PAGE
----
Bühring Solveig I.
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ArticleSubmarine shallow-water fluid emissions and their geomicrobiological imprint: a global overview(Frontiers Media, 2021-10-25) Caramanna, Giorgio ; Sievert, Stefan M. ; Bühring, Solveig I.Submarine fluids emissions in the form of geothermal vents are widespread in a variety of geological settings ranging from volcanic to tectonically active areas. This overview aims to describe representative examples of submarine vents in shallow-water areas around the globe. The areas described include: Iceland, Azores, Mediterranean Sea (Italy and Greece), Caribbean, Baja California, Japan, Papua, New Zealand, Taiwan. Common and divergent characteristics in terms of origin and geochemistry of the emitted fluids and their impact on the indigenous organisms and the surrounding environment have been identified. In the hottest vents seawater concentration is common as well as some water vapor phase separation. Carbon dioxide is the most common gas often associated with compounds of sulfur and methane. In several vents precipitation of minerals can be identified in the surrounding sediments. The analyses of the microbial communities often revealed putative chemoautotrophs, with Campylobacteria abundantly present at many vents where reduced sulfur compounds are available. The techniques that can be used for the detection and quantification of underwater vents are also described, including geophysical and geochemical tools. Finally, the main geobiological effects due to the presence of the hydrothermal activity and the induced changes in water chemistry are assessed.
ArticleRelative importance of chemoautotrophy for primary production in a light exposed marine shallow hydrothermal system(Frontiers Media, 2017-04-21) Gomez-Saez, Gonzalo V. ; Pop Ristova, Petra ; Sievert, Stefan M. ; Elvert, Marcus ; Hinrichs, Kai-Uwe ; Bühring, Solveig I.The unique geochemistry of marine shallow-water hydrothermal systems promotes the establishment of diverse microbial communities with a range of metabolic pathways. In contrast to deep-sea vents, shallow-water vents not only support chemosynthesis, but also phototrophic primary production due to the availability of light. However, comprehensive studies targeting the predominant biogeochemical processes are rare, and consequently a holistic understanding of the functioning of these ecosystems is currently lacking. To this end, we combined stable isotope probing of lipid biomarkers with an analysis of the bacterial communities to investigate if chemoautotrophy, in parallel to photoautotrophy, plays an important role in autotrophic carbon fixation and to identify the key players. The study was carried out at a marine shallow-water hydrothermal system located at 5 m water depth off Dominica Island (Lesser Antilles), characterized by up to 55°C warm hydrothermal fluids that contain high amounts of dissolved Fe2+. Analysis of the bacterial diversity revealed Anaerolineae of the Chloroflexi as the most abundant bacterial class. Furthermore, the presence of key players involved in iron cycling generally known from deep-sea hydrothermal vents (e.g., Zetaproteobacteria and Geothermobacter), supported the importance of iron-driven redox processes in this hydrothermal system. Uptake of 13C-bicarbonate into bacterial fatty acids under light and dark conditions revealed active photo- and chemoautotrophic communities, with chemoautotrophy accounting for up to 65% of the observed autotrophic carbon fixation. Relatively increased 13C-incorporation in the dark allowed the classification of aiC15:0, C15:0, and iC16:0 as potential lipid biomarkers for bacterial chemoautotrophy in this ecosystem. Highest total 13C-incorporation into fatty acids took place at the sediment surface, but chemosynthesis was found to be active down to 8 cm sediment depth. In conclusion, this study highlights the relative importance of chemoautotrophy compared to photoautotrophy in a shallow-water hydrothermal system, emphasizing chemosynthesis as a prominent process for biomass production in marine coastal environments influenced by hydrothermalism.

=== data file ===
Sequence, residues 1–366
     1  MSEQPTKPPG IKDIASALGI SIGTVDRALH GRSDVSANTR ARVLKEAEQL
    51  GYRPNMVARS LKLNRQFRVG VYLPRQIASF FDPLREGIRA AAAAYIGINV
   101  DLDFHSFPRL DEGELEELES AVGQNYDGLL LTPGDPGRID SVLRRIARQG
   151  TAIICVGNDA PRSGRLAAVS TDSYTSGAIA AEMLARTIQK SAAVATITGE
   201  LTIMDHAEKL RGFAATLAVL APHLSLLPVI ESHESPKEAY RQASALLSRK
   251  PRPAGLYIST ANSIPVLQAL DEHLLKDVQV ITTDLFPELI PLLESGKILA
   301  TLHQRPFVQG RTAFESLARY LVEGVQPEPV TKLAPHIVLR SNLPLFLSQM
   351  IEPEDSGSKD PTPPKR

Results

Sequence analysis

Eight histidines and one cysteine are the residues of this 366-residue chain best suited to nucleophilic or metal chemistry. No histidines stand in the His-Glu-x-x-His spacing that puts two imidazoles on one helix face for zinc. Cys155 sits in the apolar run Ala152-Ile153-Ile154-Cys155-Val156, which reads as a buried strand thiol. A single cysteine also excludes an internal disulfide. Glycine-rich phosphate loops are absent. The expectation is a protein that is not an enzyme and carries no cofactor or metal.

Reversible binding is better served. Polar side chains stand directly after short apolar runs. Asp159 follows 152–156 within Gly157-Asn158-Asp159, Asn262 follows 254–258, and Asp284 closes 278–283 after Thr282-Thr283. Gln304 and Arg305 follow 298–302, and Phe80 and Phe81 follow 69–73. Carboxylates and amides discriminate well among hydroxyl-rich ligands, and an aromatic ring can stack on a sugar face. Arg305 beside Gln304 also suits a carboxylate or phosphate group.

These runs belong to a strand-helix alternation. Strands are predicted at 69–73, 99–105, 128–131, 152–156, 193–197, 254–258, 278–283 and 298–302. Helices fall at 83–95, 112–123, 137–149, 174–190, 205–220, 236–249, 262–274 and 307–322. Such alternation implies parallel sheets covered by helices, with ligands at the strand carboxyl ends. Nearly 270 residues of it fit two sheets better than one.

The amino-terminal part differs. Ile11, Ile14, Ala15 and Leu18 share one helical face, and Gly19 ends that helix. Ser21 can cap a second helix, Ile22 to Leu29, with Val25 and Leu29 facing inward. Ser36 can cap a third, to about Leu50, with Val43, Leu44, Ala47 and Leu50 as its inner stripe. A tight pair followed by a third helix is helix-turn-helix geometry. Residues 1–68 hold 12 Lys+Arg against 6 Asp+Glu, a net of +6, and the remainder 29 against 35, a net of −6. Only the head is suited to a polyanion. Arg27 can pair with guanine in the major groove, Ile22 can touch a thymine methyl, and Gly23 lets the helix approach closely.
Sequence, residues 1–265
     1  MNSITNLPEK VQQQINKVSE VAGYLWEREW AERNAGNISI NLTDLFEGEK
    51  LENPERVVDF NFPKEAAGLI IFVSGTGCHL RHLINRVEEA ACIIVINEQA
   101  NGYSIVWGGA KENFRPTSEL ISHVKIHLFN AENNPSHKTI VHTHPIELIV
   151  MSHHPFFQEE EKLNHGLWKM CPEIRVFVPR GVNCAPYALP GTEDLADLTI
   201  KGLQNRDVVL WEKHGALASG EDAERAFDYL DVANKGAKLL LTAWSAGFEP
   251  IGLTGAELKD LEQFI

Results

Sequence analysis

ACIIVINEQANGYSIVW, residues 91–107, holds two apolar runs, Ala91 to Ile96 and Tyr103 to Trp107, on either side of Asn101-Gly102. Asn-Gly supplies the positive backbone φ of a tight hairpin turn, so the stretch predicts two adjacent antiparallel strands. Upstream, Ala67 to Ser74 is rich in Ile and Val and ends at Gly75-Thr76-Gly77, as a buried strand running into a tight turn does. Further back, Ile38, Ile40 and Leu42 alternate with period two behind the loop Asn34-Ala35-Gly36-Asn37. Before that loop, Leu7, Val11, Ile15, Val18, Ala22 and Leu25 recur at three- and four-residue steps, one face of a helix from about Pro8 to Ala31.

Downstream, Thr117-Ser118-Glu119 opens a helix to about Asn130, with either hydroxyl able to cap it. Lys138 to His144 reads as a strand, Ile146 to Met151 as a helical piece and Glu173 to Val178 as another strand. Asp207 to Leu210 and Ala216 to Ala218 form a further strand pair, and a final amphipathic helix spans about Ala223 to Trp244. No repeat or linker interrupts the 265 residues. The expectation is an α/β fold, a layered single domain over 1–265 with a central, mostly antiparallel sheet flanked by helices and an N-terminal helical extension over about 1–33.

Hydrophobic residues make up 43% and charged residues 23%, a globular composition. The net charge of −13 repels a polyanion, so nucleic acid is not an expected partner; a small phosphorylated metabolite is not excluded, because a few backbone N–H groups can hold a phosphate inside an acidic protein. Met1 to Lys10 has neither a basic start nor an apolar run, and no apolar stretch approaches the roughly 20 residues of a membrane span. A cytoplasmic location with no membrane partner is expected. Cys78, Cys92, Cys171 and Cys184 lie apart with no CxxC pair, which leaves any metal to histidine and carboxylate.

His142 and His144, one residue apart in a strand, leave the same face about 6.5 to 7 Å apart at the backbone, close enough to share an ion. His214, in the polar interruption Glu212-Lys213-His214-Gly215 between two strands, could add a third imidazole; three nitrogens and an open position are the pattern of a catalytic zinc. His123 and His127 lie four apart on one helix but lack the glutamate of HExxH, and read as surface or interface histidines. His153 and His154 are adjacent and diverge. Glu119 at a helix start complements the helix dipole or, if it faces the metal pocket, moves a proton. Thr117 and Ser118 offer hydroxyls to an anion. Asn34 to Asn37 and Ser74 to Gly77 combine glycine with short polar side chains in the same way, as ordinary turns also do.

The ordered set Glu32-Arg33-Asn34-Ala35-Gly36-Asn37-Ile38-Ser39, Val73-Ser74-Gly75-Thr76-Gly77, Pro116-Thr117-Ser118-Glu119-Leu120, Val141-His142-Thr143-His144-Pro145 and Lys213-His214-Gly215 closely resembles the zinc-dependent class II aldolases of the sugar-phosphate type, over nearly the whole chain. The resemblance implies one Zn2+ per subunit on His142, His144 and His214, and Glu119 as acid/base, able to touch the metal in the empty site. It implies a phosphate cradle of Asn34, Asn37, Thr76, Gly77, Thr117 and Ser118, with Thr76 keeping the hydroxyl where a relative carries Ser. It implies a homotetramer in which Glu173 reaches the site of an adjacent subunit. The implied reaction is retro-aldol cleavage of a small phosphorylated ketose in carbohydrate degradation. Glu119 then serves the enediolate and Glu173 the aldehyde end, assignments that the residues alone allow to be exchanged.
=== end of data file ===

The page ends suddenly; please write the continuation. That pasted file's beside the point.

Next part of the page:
ArticleFluid flow stimulates chemoautotrophy in hydrothermally influenced coastal sediments(Nature Research, 2022-04-22) Sievert, Stefan M. ; Bühring, Solveig I. ; Gulmann, Lara K. ; Hinrichs, Kai-Uwe ; Pop Ristova, Petra ; Gomez-Saez, Gonzalo V.Hydrothermalism in coastal sediments strongly impacts biogeochemical processes and supports chemoautotrophy. Yet, the effect of fluid flow on microbial community composition and rates of chemoautotrophic production is unknown because rate measurements under natural conditions are difficult, impeding an assessment of the importance of these systems. Here, in situ incubations controlling fluid flow along a transect of three geochemically distinct locations at a shallow-water hydrothermal system off Milos (Greece) show that Campylobacteria dominated chemoautotrophy in the presence of fluid flow. Based on injected 13C-labelled dissolved inorganic carbon and its incorporation into fatty acids, we constrained carbon fixation to be as high as 12 µmol C cm−3 d−1, corresponding to areal rates up to 10-times higher than previously reported for coastal sediments, and showed the importance of fluid flow for supplying the necessary substrates to support chemoautotrophy. Without flow, rates were substantially lower and microbial community composition markedly shifted. Our results highlight the importance of fluid flow in shaping the composition and activity of microbial communities of shallow-water hydrothermal vents, identifying them as hotspots of microbial productivity.